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Roundabouts Proposed For Sykes Moutain Ave.



Valley News Staff Writer
Wednesday, August 24, 2016

White River Junction — If town planners have their way, Sykes Mountain Avenue will soon be topped by a pair of roundabouts traffic experts contend will slow scofflaws, reduce accidents, and benefit the environment.

The Vermont Agency of Transportation is currently reviewing designs for the $2.7 million project, which likely would take place in summer 2018, said Richard Menge, director of Hartford’s Department of Public Works.

Menge said the project, which would install roundabouts on Sykes at intersections with Route 5 and Ralph Lehman Drive, is needed to accommodate heavier traffic flow associated with the revitalization of White River Junction.

“Certainly, the developments that have gone in thus far are relying upon a future roundabout to alleviate increased traffic conditions,” he said.

The project will be locally managed, but is funded by the state, said Menge.

Town leaders have pursued the roundabout for years — it’s listed as a top transportation priority in the Hartford Master plan, and a 2013 scoping study of the neighborhood noted that the Route 5 intersection saw 28 crashes resulting in three injuries between 2006 and 2010.

The roundabouts are being pursued in part to reduce those numbers.

The safety assertions are borne out by national groups, including the Federal Highway Administration, which cites studies showing that they reduce the number of accidents by about 35 percent, and the number of serious injuries by 76 percent.

The injury rate is reduced, said Menge, because cars move more slowly, there aren’t any sudden stops or bursts of speed to react to a traffic light, and the crashes tend to be sideswipes, rather than deadly head-on collisions.

Modern roundabouts are similar to traditional rotaries, but have distinct design features that make them safer, including yield signs at entries, and exits that can be accessed without lane changes.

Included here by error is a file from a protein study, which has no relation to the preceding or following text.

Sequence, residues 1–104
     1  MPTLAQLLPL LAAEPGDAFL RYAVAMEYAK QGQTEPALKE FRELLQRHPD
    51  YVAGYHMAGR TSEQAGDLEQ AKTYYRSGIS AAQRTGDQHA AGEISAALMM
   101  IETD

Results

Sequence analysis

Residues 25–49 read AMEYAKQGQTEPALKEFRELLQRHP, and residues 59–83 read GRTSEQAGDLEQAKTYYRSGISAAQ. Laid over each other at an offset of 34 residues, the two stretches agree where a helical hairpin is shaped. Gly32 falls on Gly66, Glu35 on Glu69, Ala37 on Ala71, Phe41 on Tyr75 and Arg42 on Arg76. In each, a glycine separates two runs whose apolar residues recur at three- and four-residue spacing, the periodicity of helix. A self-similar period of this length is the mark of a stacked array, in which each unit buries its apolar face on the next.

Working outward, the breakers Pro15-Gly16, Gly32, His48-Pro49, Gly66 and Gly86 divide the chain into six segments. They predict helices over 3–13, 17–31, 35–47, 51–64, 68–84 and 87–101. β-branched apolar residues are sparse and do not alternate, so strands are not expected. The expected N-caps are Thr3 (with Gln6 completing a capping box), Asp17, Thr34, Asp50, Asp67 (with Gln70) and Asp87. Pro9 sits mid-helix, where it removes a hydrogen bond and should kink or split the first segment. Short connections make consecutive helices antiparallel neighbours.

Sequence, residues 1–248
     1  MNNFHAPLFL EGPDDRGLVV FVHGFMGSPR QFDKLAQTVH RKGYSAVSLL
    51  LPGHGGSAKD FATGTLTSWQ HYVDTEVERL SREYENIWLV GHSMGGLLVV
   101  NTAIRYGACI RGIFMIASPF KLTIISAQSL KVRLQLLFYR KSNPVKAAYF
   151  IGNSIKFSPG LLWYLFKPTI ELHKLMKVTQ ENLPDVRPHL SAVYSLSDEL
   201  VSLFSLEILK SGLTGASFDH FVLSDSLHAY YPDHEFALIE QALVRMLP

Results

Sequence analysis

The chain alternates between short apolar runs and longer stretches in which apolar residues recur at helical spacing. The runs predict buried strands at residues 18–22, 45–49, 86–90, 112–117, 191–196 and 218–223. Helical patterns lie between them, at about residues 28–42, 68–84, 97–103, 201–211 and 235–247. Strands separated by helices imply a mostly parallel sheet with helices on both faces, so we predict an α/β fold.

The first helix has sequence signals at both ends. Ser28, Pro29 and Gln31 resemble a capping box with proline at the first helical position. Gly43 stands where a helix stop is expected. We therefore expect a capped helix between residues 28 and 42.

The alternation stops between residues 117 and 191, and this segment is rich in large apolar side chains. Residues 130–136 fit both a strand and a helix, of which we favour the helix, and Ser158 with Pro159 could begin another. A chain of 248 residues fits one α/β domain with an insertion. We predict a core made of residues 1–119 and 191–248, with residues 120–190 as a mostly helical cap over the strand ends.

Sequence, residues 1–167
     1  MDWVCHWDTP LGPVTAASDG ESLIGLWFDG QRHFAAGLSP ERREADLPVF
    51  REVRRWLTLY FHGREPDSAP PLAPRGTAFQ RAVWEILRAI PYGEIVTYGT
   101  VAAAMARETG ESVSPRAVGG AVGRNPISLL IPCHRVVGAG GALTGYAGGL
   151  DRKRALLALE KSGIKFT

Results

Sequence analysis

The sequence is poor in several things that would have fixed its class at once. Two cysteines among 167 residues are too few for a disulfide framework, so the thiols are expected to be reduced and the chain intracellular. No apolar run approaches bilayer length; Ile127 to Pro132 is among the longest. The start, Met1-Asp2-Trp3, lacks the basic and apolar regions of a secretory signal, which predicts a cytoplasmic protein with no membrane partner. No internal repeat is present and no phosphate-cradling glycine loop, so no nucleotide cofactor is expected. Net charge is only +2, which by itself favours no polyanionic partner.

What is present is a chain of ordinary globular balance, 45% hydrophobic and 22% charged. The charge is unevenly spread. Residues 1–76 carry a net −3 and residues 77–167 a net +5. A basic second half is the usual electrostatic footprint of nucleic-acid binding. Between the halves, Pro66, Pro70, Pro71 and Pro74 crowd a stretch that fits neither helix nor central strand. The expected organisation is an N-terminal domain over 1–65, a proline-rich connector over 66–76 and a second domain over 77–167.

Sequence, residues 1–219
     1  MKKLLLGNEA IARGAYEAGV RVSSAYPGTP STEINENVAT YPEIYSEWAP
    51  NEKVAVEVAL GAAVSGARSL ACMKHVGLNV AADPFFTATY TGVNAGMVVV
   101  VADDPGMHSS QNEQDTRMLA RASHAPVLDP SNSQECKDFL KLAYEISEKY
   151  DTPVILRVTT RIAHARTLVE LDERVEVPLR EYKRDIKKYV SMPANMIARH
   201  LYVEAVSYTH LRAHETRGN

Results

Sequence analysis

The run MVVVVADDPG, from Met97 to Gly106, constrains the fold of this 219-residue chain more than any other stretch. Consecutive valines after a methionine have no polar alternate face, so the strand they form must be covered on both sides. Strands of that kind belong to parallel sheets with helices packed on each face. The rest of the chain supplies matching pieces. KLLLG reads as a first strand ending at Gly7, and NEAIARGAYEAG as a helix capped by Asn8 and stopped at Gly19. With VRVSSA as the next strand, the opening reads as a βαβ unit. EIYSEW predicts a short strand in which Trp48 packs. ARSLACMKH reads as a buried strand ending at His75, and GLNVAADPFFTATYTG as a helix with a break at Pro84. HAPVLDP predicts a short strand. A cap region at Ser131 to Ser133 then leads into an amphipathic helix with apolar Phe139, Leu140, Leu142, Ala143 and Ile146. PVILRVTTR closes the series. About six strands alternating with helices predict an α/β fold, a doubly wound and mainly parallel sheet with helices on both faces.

Vermont’s first modern roundabout, Keck Circle, was installed in Montpelier in 1995, and resulted in a 69 percent reduction in injury accidents, according to information published on the website of the Chittendon County Regional Planning Commission.

Rebecca White, vice-chairwoman of the Hartford Selectboard, said her experiences on a roundabout in Waterbury have shown her that the designs work well to lessen clogged traffic.

“Personally, I think a roundabout would be a great addition,” she said.

Menge said that, once the state approves the design, the town will enter into negotiations with about a dozen landowners for agreements that will include temporary easements, permanent easements and, in three or four cases, property purchases.

He said the specific properties that the town would want to acquire have not been formally identified.

One casualty of the roundabout at Route 5 would likely be a prominent sign on a grassy strip outside the McDonalds at that intersection.

The strip is part of a .4 acre parcel purchased in 1990 by Hartford Land Company, which is owned by the Flanagan family.

Town leaders have questioned whether the sign has value as a historic artifact.

Pat Stark, a member of the Historic Preservation Commission, said the sign is a holdover from the White River Drive-In, which operated on the site from 1952 to 1986.

She said that she would like to see the sign preserved, “because that’s the only thing left from the drive-in.”

At the same time, she said, as a matter of practicality “I don’t know how they would do it.”

To take it from the immediate area, she said “is kind of nuts,” because it would remove it from the context that created it.

But Menge said the sign cannot remain in or near its present location if and when the roundabout is constructed.

Peter Flanagan said the family has been happy to provide a community service by allowing nonprofit organizations, as well as the town of Hartford, to use the sign to advertise local events.

“It’s really hokey-looking, so it does have a lot of charm to it,” Flanagan said. “A lot of people have great memories of the drive-in.”

Flanagan said the family is open to the wishes of the community.

“It would be nice, I think, for the public to be able to still use that area, or whatever’s left of it, to do these sort of announcements,” he said. “We’d be happy to cooperate if it could be accommodated.”

White said she hoped the sign could be preserved, calling it “a great piece of White River Junction history.”

Matt Hongoltz-Hetling can be reached at mhonghet@vnews.com or 603-727-3211.